|Biocompatibility of hydrophilic silica-coated CdTe quantum dots and magnetic nanoparticles.|
|Jump to Full Text|
|PMID: 21711857 Owner: NLM Status: PubMed-not-MEDLINE|
|Fluorescent magnetic nanoparticles exhibit great application prospects in biomedical engineering. Herein, we reported the effects of hydrophilic silica-coated CdTe quantum dots and magnetic nanoparticles (FMNPs) on human embryonic kidney 293 (HEK293) cells and mice with the aim of investigating their biocompatibility. FMNPs with 150 nm in diameter were prepared, and characterized by high-resolution transmission electron microscopy and photoluminescence (PL) spectra and magnetometer. HEK293 cells were cultured with different doses of FMNPs (20, 50, and 100μ g/ml) for 1-4 days. Cell viability and adhesion ability were analyzed by CCK8 method and Western blotting. 30 mice were randomly divided into three groups, and were, respectively, injected via tail vein with 20, 60, and 100 μg FMNPs, and then were, respectively, raised for 1, 7, and 30 days, then their lifespan, important organs, and blood biochemical parameters were analyzed. Results show that the prepared water-soluble FMNPs had high fluorescent and magnetic properties, less than 50 μg/ml of FMNPs exhibited good biocompatibility to HEK293 cells, the cell viability, and adhesion ability were similar to the control HEK293 cells. FMNPs primarily accumulated in those organs such as lung, liver, and spleen. Lung exposed to FMNPs displayed a dose-dependent inflammatory response, blood biochemical parameters such as white blood cell count (WBC), alanine aminotransferase (ALT), and aspartate aminotransferase (AST), displayed significant increase when the FMNPs were injected into mice at dose of 100μg. In conclusion, FMNPs exhibit good biocompatibility to cells under the dose of less than 50 μg/ml, and to mice under the dose of less than 2mg/kg body weight. The FMNPs' biocompatibility must be considered when FMNPs are used for in vivo diagnosis and therapy.|
|Jing Ruan; Kan Wang; Hua Song; Xin Xu; Jiajia Ji; Daxiang Cui|
Related Documents :
|21665377 - Low concentrations of alendronate increase the local invasive potential of osteoblastic...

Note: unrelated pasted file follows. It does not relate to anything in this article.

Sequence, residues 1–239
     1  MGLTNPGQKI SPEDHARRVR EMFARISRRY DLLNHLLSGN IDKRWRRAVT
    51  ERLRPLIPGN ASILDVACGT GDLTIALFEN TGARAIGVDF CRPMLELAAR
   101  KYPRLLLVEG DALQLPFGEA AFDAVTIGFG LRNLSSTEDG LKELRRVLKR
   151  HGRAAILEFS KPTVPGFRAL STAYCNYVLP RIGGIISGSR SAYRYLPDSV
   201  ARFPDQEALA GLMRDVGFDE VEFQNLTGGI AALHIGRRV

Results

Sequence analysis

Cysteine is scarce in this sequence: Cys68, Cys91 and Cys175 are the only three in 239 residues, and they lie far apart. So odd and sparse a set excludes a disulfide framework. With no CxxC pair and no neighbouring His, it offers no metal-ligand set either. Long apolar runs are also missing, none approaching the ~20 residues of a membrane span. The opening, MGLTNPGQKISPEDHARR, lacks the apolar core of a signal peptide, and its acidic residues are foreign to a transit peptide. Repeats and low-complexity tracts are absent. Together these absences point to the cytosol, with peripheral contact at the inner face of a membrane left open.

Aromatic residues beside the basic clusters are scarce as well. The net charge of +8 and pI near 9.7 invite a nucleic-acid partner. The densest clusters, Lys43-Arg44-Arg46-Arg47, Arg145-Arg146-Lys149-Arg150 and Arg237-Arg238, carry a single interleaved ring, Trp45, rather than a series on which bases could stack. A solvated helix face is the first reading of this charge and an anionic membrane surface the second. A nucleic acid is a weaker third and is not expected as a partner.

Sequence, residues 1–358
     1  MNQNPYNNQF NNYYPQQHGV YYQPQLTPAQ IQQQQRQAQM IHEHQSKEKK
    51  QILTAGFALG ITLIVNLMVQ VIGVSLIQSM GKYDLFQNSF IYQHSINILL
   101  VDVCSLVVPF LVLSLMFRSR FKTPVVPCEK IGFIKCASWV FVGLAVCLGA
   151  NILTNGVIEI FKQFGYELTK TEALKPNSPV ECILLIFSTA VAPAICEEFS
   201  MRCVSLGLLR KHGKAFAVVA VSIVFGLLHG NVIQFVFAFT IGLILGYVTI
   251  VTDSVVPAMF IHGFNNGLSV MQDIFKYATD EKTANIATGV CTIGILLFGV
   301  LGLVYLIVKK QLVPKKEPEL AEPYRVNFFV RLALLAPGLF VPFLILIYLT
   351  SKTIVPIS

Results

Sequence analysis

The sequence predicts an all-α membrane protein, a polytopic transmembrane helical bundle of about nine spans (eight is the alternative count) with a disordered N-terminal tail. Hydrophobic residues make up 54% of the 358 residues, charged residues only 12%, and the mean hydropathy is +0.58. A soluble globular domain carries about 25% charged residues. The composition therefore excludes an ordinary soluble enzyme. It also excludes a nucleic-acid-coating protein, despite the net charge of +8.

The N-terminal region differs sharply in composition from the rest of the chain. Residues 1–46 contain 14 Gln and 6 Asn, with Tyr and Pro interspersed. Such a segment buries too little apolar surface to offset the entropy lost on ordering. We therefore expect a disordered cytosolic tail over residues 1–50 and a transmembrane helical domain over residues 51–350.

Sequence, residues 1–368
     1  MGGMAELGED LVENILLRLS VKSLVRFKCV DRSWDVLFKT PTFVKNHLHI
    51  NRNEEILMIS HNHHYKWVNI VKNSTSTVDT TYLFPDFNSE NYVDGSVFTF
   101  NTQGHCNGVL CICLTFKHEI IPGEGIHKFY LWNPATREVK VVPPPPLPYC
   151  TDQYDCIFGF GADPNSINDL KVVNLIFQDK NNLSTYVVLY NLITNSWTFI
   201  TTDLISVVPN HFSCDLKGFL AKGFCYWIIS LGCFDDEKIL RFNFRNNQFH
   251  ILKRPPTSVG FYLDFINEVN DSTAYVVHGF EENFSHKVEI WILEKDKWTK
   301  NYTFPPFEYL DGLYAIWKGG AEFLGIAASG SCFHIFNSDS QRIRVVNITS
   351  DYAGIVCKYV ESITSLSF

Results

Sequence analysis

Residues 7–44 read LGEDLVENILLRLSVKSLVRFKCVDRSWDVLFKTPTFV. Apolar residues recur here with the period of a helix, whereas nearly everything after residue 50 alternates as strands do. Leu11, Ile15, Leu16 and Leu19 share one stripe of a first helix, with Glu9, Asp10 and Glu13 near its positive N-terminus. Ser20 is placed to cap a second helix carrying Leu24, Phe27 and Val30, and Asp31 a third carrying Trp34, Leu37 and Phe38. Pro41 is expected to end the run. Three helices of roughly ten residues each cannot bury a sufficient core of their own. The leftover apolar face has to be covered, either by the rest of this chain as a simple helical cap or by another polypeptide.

21674277 - The role of rhoc in the proliferation and apoptosis of hepatocellular carcinoma cells.
8592177 - Discharge properties of purkinje cells in the oculomotor vermis during visually guided ...
7693897 - Physiological, morphological, and histochemical characterization of three classes of in...
21665377 - Low concentrations of alendronate increase the local invasive potential of osteoblastic...
2840217 - Inhibition of lipid peroxidation by disulfiram and diethyldithiocarbamate does not prev...
|Type: Journal Article Date: 2011-04-06|
|Title: Nanoscale research letters Volume: 6 ISSN: 1556-276X ISO Abbreviation: Nanoscale Res Lett Publication Date: 2011|
|Created Date: 2011-06-29 Completed Date: 2012-10-02 Revised Date: 2012-11-09|
Medline Journal Info:
|Nlm Unique ID: 101279750 Medline TA: Nanoscale Res Lett Country: United States|
|Languages: eng Pagination: 299 Citation Subset: -|
|National Key Laboratory of Nano/Micro Fabrication Technology, Key Laboratory for Thin Film and Microfabrication of Ministry of Education, Institute of Micro-Nano Science and Technology, Shanghai Jiao Tong University, 800 Dongchuan Road, Shanghai 200240, PR China. email@example.com.|
|APA/MLA Format Download EndNote Download BibTex|
Journal ID (nlm-ta): Nanoscale Res Lett
Copyright ©2011 Ruan et al; licensee Springer.
Received Day: 28 Month: 12 Year: 2010
Accepted Day: 6 Month: 4 Year: 2011
collection publication date: Year: 2011
Electronic publication date: Day: 6 Month: 4 Year: 2011
Volume: 6 Issue: 1
First Page: 299 Last Page: 299
Publisher Id: 1556-276X-6-299
PubMed Id: 21711857
|Biocompatibility of hydrophilic silica-coated CdTe quantum dots and magnetic nanoparticles|
|Jing Ruan1||Email: firstname.lastname@example.org|
|Kan Wang1||Email: email@example.com|
|Hua Song1||Email: Songhua@sjtu.edu.cn|
|Xin Xu1||Email: firstname.lastname@example.org|
|Jiajia Ji1||Email: email@example.com|
|Daxiang Cui1||Email: firstname.lastname@example.org|
1National Key Laboratory of Nano/Micro Fabrication Technology, Key Laboratory for Thin Film and Microfabrication of Ministry of Education, Institute of Micro-Nano Science and Technology, Shanghai Jiao Tong University, 800 Dongchuan Road, Shanghai 200240, PR China
Up to date, nanomaterials and nanotechnology have shown great potentials in disease diagnosis and therapy [1-7]. For example, a broad range of nanoscale inorganic particles including magnetic nanoparticles (MNPs) and quantum dots (QDs) have been systematically investigated for their unique physical, chemical properties, and their potential application in bio-detection, molecular imaging, and photothermal therapy of tumors [8-16]. Especially, MNPs have been used for magnetic resonance imaging (MRI), gene delivery, cell separation and cancer hyperthermia [17-19], and magnetic targeting, which provides an alternative method for targeted drug delivery systems to the desired location [20-22]. Up to date, QDs have been subjected to intensive investigations due to their unique properties and potential application prospect [23,24]. Several methods have been developed to synthesize water-soluble QDs for use in biological relevant studies [25,26]. For example, QDs have been used successfully in cellular imaging , immunoassays , DNA hybridization , optical barcoding , and drug carrier . QDs provide a new functional platform for bioanalytical sciences and biomedical engineering.